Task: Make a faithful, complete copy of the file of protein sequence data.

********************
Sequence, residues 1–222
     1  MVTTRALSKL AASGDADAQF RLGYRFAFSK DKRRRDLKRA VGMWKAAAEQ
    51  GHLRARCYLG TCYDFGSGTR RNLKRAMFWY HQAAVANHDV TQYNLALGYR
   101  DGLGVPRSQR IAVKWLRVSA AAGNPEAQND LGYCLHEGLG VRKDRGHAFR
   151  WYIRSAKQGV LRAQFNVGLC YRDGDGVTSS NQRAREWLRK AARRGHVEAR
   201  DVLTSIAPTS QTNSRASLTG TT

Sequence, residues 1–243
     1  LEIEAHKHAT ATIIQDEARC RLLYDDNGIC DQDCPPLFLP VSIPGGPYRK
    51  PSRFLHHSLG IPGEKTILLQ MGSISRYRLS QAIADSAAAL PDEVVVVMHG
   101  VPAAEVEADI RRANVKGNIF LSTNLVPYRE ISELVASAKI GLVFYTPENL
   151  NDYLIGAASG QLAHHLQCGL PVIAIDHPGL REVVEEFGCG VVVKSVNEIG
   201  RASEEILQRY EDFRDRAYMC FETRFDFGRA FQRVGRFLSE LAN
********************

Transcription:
Sequence, residues 1–222
     1  MVTTRALSKL AASGDADAQF RLGYRFAFSK DKRRRDLKRA VGMWKAAAEQ
    51  GHLRARCYLG TCYDFGSGTR RNLKRAMFWY HQAAVANHDV TQYNLALGYR
   101  DGLGVPRSQR IAVKWLRVSA AAGNPEAQND LGYCLHEGLG VRKDRGHAFR
   151  WYIRSAKQGV LRAQFNVGLC YRDGDGVTSS NQRAREWLRK AARRGHVEAR
   201  DVLTSIAPTS QTNSRASLTG TT

Sequence, residues 1–243
     1  LEIEAHKHAT ATIIQDEARC RLLYDDNGIC DQDCPPLFLP VSIPGGPYRK
    51  PSRFLHHSLG IPGEKTILLQ MGSISRYRLS QAIADSAAAL PDEVVVVMHG
   101  VPAAEVEADI RRANVKGNIF LSTNLVPYRE ISELVASAKI GLVFYTPENL
   151  NDYLIGAASG QLAHHLQCGL PVIAIDHPGL REVVEEFGCG VVVKSVNEIG
   201  RASEEILQRY EDFRDRAYMC FETRFDFGRA FQRVGRFLSE LAN